How to tackle anti-Semitic violence in Europe?

As the situation escalates in the Middle East, Europe has seen a spate of anti-Israeli demonstrations and anti-Semitic attacks in recent days. Commentators voice concern and discuss strategies to combat anti-Semitism.

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Neue Zürcher Zeitung (CH) /

Don't ignore imported anti-Semitism

Society must not look the other way when Muslims make anti-Jewish statements, urges Susanne Schröter, a professor of ethnology, in an opinion piece for the Neue Zürcher Zeitung:

“Scholars from Muslim-majority countries persistently point out that anti-Semitism is already taught in schools in many countries of the world, that children and young people grow up hating Jews. This hatred is also being unleashed in Germany against Jewish schoolchildren. ... Trivialisation, deliberate suppression and relativisation are leading to life becoming unsafe for Jews in Germany. And that must be prevented at all costs.”

Expressen (SE) /

Teachers need appropriate tools

There have also been anti-Semitic incidents in Sweden in response to the conflict in the Middle East. Schools are among the sources of hatred against Jews, Expressen explains:

“Schools are perceived as unsafe and are riddled with anti-Semitic jargon, which is often downplayed as humourous. Schools must be places that show zero tolerance for anti-Semitism. ... For this to succeed, teachers and school directors must be given tools in the form of knowledge and clear routines. This way they can counter the anti-Semitism related to the conflict in the Middle East.”

La Repubblica (IT) /

These aren't human rights demonstrations

Support for Palestinians is a vehicle for anti-Semitism, philosopher Bernard-Henri Lévy rails in La Repubblica:

“Why didn't [the demonstrators] take to the streets to show their solidarity with the Kurds of Kirkuk when they were attacked in October 2017 by squadrons of Iran's Revolutionary Guards? Why did they not show solidarity with the cities of Syria bombed by the planes of the Arab dictator Bashar al-Assad - in attacks of unprecedented cruelty, supported by Vladimir Putin? ... There are many people who care neither about human rights nor about the forgotten war, nor about the Palestinians, and who only bother to go out and demonstrate if they can kill two birds with one stone and shout 'Death to Israel' and 'Death to the Jews' at the same time.”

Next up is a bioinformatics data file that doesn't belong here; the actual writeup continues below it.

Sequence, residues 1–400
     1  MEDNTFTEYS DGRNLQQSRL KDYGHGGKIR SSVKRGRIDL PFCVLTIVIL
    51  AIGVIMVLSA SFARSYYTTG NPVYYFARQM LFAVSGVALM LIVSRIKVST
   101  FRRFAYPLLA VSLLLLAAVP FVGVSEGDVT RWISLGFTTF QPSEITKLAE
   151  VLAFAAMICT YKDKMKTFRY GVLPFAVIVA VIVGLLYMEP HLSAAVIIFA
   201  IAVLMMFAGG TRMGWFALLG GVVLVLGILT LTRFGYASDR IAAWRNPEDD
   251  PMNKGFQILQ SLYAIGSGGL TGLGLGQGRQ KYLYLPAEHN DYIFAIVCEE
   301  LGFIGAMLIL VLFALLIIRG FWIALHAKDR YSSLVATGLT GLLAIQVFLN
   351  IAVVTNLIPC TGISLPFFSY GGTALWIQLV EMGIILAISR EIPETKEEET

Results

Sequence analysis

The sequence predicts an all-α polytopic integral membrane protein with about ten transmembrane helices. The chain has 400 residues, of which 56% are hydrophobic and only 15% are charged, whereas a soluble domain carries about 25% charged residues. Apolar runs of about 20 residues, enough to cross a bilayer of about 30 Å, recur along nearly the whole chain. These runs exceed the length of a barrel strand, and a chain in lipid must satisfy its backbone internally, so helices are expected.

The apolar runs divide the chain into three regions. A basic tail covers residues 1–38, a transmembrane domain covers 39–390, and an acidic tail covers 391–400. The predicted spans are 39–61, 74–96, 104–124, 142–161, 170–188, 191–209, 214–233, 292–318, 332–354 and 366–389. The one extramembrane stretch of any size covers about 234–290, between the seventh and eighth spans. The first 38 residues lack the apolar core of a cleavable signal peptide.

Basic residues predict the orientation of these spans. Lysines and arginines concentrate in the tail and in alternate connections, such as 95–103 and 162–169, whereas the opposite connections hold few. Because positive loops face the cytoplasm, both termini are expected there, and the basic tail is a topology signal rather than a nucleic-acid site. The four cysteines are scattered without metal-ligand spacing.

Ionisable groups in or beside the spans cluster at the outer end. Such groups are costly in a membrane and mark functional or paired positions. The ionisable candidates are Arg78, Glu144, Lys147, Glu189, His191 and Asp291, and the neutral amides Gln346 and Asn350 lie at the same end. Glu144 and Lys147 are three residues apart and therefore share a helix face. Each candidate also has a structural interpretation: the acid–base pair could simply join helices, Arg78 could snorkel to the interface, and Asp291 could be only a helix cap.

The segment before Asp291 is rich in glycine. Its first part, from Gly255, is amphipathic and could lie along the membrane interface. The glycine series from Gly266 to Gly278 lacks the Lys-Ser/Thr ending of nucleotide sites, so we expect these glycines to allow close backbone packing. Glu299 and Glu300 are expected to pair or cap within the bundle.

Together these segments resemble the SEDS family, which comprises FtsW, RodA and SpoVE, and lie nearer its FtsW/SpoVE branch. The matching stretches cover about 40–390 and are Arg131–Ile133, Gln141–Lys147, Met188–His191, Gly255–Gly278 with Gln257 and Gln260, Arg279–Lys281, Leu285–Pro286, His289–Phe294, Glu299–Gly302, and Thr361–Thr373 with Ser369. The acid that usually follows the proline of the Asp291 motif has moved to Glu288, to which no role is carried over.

Lidové noviny (CZ) /

Déjà vu - but people remain silent

Lidové noviny deplores a lack of clear reactions to the anti-Semitic tenor of the protests:

“This seems to be déjà vu. Israeli flags are burning on German streets, stones are flying into the windows of synagogues and shouts along the lines of 'dirty Jews' ring out. ... Has Germany learned nothing from history, and is it now repeating itself? This question seems provocative in multicultural Germany, nevertheless it must be asked. When a neo-Nazi attacks a synagogue in Halle it becomes a national trauma. But when 'people with a migration background' attack synagogues in Germany because of a conflict happening thousands of kilometres away, silence prevails. And one looks almost in vain for clear reactions.”

taz, die tageszeitung (DE) /

Don't stay silent about German anti-Semitism

Anti-Semitism can easily seem to be most prevalent among immigrant minorities, writes the taz:

“Because it is mainly migrants and their children who take to the streets, especially those from Arab countries and Turkey. Because hardly anyone has ever done anything to fight hatred of Jews in these communities, it is particularly convenient to condemn their behaviour - yet at the same time remain silent about the attitude of Müller, Maier or Schmitz. After all, anti-Semitism only affects the others. But the fact is that although hatred of Jews is a problem in migrant communities, it is also rampant among those who have lived here for a long time.”

La Stampa (IT) /

No space left for proper arguments

In Italy, too, people took to the streets over the weekend because of the Middle East conflict. Philosopher Donatella Di Cesare criticises undifferentiated expressions of solidarity in La Stampa:

“As we all know, we live in times when people have neither the time nor the inclination to discuss the opinions of others. It's easier to just hate them. Hence the parade of narrow-minded supporters on social networks and in the streets, the waving of flags, the absence of dialogue. All over the world and in our country too. Not without paradoxes: those on the left go so far as to defend Hamas, while the Star of David appears behind representatives of the institutional right who collude with neo-fascism. There is little room left for those who try to argue. They end up in the crossfire.”